Andrew O’Fallon, a professor of software engineering at WSU and winner of best professor for the 2016 Student Choice Awards, tries to think of creative ways to get students out of their selves and involved in the class.
He asks students to get up in front of their peers and try to solve a question using the information he teaches them in this way in order to help them build their confidence and also to create a more inclusive atmosphere. He tries to teach software engineering in as engaging a way as possible.
O’Fallon, a WSU professor for 12 years, said his interest in technology first began sometime during middle school and high school, and like many of his students, he did not necessarily know what kind of discipline he wanted to go into.
“In the end I decided computer engineering would be the direction I would go for my undergraduate, and as I went through my undergraduate degree I realized my passion for software engineering which is what I got my graduate degree in,” O’Fallon said.
O’Fallon said one of the key aspects students learn in his class is effective problem solving.
“In those first couple of classes they will get some exposure to proper techniques of programming,” O’Fallon said. “They’ll get some exposure to software engineering principles, data structures, and algorithms which is really the heart of computer science.”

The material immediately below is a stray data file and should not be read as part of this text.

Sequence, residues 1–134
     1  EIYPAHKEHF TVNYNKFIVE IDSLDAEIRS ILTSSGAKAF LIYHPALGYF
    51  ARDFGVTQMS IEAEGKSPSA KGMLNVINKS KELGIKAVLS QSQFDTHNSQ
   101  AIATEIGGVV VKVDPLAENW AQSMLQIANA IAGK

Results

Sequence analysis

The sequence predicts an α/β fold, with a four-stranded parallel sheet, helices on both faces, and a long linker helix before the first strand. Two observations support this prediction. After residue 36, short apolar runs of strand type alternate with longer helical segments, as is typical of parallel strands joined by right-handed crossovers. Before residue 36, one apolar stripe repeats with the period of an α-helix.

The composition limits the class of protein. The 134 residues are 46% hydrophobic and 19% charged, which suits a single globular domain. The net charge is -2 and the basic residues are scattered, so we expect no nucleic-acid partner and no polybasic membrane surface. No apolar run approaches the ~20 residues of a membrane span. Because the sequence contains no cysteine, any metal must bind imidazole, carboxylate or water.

O’Fallon that when he teaches he tries to make it fun and keep students engaged and interact with them as much as possible, regardless of class size.
“My goal every semester is to try and get as many students to participate in lectures in some point as possible,” O’Fallon said. “A lot of times in a class the size of 200 it is difficult to try and get everyone involved, though that doesn’t stop me from trying.”
O’Fallon credits much of his success as a professor to mentors he had along the way who made a lasting impact on him. He said a lot of what drove him to become a professor was the desire to mentor others and make a difference.
“It is an absolute honor to be able to teach at WSU,” O’Fallon said. “There are so many talented students who come through our program and I feel like I am extremely lucky to have some kind of impact on the first-year students.”
Reporting by Corinna Thornton